News Release

New study proves link between recent abuse and menopause-related symptoms

Verbal and emotional abuse impact menopause experience the most

Peer-Reviewed Publication

The North American Menopause Society (NAMS)

CLEVELAND, Ohio (September 30, 2015)--Numerous studies have already documented how abuse of any kind can result in health problems. There are even proven links between adverse childhood experiences and hot flashes. But a new study by Mayo Clinic now demonstrates the impact of recent abuse on a wide array of menopausal symptoms. The study will be presented at the 2015 Annual Meeting of The North American Menopause Society (NAMS) in Las Vegas starting on September 30.

For purposes of the study, abuse was defined as physical, sexual or emotional/verbal and had to have occurred within the past year. Menopausal symptoms evaluated included hot flashes, sleep disturbances, cognitive function, bowel/bladder function, sexual function and general health. A total of 3,740 women completed surveys to self-report the incidence of abuse, as well as menopausal symptom bother (MSB). Of these, 253 (6.8%) experienced one or more forms of abuse in the last year with 245 (96.8%) reporting verbal/emotional abuse, 34 (13.4%) reporting physical abuse and 10 (3.9%) reporting sexual abuse.

No distinction was made relative to age, race/ethnicity or education. It was, however, noted that, of those reporting abuse in the last year, there was a higher percentage classified as work-disabled. In addition, the prevalence of cigarette smoking was higher in those who reported abuse in the last year.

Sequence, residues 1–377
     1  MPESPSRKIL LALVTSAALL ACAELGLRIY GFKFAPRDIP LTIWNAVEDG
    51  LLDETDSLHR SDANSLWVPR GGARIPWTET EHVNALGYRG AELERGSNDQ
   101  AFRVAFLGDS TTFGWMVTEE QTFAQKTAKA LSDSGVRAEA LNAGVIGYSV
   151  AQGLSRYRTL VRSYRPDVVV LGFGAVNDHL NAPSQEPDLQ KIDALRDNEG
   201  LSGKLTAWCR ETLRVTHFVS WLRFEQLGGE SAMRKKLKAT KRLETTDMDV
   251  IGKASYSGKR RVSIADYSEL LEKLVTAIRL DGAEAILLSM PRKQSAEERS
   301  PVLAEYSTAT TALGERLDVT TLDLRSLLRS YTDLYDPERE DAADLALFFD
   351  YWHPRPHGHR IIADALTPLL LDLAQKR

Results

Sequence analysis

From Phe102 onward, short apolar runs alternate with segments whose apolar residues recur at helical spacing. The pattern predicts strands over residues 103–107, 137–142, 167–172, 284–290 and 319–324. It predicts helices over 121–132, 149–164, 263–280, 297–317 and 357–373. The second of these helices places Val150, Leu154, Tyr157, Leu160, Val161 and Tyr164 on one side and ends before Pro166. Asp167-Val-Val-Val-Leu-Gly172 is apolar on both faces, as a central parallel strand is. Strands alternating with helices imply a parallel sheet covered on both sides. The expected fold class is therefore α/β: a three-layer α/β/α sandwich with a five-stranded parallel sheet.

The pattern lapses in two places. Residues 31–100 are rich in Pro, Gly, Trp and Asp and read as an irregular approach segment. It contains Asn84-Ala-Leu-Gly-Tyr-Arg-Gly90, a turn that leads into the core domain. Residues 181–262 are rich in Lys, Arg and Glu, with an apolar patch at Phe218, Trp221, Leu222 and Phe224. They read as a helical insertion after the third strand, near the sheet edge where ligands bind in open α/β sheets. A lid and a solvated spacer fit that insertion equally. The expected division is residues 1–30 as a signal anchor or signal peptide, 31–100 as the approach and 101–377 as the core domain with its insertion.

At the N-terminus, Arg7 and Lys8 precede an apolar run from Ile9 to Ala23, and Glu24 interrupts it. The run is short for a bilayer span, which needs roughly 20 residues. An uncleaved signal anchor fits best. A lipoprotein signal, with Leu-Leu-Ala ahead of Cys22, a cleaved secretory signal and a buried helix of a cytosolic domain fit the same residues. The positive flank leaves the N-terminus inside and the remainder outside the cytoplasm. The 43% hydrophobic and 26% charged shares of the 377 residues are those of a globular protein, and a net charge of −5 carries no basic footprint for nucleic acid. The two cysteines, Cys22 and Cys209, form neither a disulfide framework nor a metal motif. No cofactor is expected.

"We found that those reporting abuse in the last year had higher mean total MSB scores and higher scores for each of the identified menopause symptoms with the exception of hot flashes and night sweats," says Stephanie Faubion, MD, Director of the Mayo Clinic Office of Women's Health "In particular, we found a strong correlation with verbal and emotional abuse."

It's worth noting that the findings were consistent from multivariable analyses adjusting for all demographic and substance use characteristics.

"This study highlights the need for healthcare providers to find ways to allow and encourage women to report abuse," says Dr. Wulf Utian, NAMS executive director.


Drs. Faubion and Utian are available for interviews before the presentation at the annual meeting.

Founded in 1989, The North American Menopause Society (NAMS) is North America's leading nonprofit organization dedicated to promoting the health and quality of life of all women during midlife and beyond through an understanding of menopause and healthy aging. Its multidisciplinary membership of 2,000 leaders in the field--including clinical and basic science experts from medicine, nursing, sociology, psychology, nutrition, anthropology, epidemiology, pharmacy, and education--makes NAMS uniquely qualified to serve as the definitive resource for health professionals and the public for accurate, unbiased information about menopause and healthy aging. To learn more about NAMS, visit

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